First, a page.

Special note: You may not know the answer to these questions, yet. (I find that many people cannot recall having gotten good, solid, constructive feedback to consider as a model.) If this is the case, ask a potential mentor how they prefer to deliver feedback, and see how it sits with you. You might also let your mentor know you are still learning about this, and ask if it’s okay to state your preferences as they become clearer.
(4) What are my core values?
Why this is important: If you are going to feel that you mentor is steering you in the right direction, you need to share a significant number of core values with this person, because values influence every decision we make. Your mentor’s counsel needs to steer you in the direction of your core values, not away from them.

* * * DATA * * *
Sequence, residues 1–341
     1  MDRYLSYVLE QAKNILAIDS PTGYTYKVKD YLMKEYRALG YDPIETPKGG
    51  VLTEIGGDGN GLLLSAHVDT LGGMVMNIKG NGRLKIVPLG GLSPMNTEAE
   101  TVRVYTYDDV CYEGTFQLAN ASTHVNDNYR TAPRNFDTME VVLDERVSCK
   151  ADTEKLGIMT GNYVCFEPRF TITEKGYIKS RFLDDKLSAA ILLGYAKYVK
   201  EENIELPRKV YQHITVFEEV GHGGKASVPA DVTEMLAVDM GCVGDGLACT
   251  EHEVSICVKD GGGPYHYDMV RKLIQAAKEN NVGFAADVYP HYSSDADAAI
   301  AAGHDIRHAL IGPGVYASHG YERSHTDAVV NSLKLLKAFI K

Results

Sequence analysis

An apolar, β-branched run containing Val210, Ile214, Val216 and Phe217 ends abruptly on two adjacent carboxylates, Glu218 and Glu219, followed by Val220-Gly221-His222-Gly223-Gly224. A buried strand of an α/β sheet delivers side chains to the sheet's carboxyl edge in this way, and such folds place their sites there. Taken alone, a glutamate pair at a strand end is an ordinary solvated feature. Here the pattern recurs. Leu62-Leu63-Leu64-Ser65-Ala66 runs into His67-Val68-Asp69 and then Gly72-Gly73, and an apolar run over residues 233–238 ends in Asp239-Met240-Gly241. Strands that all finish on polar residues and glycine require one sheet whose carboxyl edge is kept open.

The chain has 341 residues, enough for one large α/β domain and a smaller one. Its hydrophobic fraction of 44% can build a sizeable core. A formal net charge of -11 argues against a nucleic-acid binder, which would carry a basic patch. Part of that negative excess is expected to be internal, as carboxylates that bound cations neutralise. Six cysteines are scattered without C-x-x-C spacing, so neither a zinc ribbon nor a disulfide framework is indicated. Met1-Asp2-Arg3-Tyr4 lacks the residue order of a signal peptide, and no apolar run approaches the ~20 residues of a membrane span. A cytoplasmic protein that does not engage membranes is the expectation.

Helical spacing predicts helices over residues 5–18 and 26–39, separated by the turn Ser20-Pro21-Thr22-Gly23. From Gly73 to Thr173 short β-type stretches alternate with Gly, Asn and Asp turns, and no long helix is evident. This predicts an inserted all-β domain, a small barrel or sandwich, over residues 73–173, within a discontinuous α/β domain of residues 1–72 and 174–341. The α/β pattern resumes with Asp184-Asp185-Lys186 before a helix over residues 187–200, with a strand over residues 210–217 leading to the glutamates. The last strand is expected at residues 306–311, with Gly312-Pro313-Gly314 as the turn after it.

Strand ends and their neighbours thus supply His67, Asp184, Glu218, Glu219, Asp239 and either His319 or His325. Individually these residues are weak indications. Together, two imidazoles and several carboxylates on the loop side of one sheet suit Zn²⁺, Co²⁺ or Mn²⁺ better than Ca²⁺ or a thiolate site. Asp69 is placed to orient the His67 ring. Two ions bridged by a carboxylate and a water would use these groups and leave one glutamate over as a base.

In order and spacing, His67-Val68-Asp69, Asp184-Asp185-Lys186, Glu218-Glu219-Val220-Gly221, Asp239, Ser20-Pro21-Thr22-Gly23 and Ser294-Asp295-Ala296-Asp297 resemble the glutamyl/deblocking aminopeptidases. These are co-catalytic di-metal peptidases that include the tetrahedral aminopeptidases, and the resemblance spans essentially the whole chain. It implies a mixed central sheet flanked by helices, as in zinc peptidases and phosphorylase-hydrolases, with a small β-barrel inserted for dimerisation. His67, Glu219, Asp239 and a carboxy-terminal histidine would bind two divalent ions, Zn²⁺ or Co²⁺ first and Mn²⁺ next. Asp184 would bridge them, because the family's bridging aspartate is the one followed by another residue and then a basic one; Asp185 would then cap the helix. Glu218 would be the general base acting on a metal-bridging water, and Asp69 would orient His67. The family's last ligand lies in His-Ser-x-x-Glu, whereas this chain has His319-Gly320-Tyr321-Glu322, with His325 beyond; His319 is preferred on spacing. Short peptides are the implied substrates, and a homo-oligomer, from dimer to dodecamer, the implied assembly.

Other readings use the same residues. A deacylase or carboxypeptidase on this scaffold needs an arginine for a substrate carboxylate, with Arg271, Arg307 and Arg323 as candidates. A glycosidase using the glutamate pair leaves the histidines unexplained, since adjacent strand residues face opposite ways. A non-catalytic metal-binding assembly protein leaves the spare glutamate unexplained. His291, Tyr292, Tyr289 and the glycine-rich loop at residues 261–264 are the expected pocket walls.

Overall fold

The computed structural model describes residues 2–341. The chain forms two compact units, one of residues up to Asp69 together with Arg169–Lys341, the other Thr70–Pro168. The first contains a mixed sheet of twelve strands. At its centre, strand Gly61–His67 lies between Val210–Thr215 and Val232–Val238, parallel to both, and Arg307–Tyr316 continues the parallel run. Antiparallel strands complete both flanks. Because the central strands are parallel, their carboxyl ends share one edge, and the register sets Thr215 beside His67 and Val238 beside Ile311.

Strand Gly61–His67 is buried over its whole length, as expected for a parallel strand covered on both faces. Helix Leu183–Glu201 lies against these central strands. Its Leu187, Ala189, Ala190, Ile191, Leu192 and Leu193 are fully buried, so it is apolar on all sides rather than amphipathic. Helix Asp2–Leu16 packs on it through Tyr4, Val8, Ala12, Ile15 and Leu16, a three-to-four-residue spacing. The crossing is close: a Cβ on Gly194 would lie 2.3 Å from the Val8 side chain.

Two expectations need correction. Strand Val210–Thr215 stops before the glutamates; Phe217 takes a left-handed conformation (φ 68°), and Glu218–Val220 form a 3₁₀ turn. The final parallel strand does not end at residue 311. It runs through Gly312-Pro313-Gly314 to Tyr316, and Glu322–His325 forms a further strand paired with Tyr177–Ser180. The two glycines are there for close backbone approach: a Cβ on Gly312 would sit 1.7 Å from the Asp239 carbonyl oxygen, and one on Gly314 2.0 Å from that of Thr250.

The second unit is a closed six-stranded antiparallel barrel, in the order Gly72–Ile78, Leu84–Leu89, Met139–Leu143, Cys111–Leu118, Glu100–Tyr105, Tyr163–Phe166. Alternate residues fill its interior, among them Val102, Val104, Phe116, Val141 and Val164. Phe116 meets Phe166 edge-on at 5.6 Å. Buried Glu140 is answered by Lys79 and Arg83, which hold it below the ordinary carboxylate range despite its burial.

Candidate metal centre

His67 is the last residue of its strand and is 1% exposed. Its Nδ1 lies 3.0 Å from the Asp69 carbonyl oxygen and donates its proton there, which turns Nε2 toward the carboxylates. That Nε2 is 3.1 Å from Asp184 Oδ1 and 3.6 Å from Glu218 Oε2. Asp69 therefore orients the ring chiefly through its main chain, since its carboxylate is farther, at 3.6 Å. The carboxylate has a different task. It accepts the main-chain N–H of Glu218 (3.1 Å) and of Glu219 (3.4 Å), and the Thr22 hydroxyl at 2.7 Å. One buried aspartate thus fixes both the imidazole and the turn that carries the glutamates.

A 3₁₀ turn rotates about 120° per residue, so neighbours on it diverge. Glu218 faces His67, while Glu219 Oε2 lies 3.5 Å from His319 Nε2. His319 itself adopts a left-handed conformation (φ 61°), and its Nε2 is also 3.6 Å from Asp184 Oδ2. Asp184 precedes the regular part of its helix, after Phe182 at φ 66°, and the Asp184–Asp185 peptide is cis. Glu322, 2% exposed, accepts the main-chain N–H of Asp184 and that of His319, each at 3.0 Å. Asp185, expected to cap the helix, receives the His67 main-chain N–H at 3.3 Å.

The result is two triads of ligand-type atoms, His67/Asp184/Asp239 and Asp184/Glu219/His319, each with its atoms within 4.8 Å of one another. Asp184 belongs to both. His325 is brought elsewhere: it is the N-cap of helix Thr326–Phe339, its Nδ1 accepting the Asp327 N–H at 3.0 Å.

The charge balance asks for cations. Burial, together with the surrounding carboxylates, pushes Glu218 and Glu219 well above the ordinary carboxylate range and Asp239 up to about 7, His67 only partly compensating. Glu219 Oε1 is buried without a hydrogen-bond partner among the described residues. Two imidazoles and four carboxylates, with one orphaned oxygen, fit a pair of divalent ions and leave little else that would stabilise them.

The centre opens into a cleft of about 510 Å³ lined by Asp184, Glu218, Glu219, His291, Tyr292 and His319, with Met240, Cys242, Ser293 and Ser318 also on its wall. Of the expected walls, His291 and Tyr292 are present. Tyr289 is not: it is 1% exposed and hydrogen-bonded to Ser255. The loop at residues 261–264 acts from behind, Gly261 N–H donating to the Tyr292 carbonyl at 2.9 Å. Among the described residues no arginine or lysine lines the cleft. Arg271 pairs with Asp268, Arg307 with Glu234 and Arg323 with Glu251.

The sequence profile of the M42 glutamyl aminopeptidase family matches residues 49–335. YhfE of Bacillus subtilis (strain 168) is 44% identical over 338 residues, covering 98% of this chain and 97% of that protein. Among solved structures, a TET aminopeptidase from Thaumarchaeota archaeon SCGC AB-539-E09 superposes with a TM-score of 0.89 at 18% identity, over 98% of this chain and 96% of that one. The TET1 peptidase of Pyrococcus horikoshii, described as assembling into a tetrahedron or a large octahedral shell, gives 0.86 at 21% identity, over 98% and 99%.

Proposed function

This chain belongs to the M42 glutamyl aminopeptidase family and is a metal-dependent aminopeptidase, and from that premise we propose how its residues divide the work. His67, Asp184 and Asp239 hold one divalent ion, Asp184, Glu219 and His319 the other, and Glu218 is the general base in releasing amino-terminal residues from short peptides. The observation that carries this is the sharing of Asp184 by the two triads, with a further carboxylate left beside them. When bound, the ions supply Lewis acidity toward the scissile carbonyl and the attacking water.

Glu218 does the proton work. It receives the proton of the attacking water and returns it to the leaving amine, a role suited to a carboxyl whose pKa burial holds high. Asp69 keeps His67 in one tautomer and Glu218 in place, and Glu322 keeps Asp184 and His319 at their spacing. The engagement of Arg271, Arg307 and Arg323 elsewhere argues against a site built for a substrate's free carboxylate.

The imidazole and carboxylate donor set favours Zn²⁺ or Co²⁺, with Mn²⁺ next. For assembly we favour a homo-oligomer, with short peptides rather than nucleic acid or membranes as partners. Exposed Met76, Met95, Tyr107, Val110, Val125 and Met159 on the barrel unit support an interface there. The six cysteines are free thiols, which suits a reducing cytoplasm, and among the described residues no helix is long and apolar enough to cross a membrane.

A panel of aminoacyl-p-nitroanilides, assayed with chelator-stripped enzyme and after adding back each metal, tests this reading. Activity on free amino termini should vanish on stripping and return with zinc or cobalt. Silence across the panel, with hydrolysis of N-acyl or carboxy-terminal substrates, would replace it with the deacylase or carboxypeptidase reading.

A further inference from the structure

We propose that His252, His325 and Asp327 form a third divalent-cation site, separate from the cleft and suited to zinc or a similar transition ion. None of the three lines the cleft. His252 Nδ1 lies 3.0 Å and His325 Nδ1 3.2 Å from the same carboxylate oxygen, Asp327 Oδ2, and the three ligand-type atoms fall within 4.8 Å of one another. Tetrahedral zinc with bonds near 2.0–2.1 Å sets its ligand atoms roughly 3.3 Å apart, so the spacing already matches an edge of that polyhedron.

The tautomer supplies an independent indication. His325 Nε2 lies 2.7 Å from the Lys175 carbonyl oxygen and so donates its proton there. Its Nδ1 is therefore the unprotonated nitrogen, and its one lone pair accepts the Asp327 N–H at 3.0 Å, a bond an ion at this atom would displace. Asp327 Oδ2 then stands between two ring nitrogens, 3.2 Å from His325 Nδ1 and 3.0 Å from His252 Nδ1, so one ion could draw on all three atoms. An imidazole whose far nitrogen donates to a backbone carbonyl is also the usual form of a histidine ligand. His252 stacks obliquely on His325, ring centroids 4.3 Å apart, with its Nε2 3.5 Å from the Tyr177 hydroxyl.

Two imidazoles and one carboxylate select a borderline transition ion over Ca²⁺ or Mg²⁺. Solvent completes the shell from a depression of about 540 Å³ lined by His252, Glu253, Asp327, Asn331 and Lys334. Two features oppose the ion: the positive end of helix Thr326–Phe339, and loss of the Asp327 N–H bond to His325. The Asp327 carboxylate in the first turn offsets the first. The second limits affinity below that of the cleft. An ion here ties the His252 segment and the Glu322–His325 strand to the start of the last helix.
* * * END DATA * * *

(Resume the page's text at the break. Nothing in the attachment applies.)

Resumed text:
For example, let’s say you are expanding your business, and will need a few employees. If you listed “flat, egalitarian organization structure” and “decisions by consensus” as core values, but your mentor values a more hierarchical, the-boss-is-always-right structure, the advice this person gives you in this realm will not be a fit for you. (And vice versa.)
Interesting tidbit: Once you answer this question, you will notice that it affects the answer to the other four. For example, people I readily accept advice from tend to have collaboration and consensus as core values - like me.
So…what are your top five core values?
How to do it: Brainstorm a list, then prioritize your top five. Also, see if you can separate them into personal values and work or business-specific values. (If you are having trouble with this, let me know. I have a great method and can help you develop your values list in two coaching sessions.)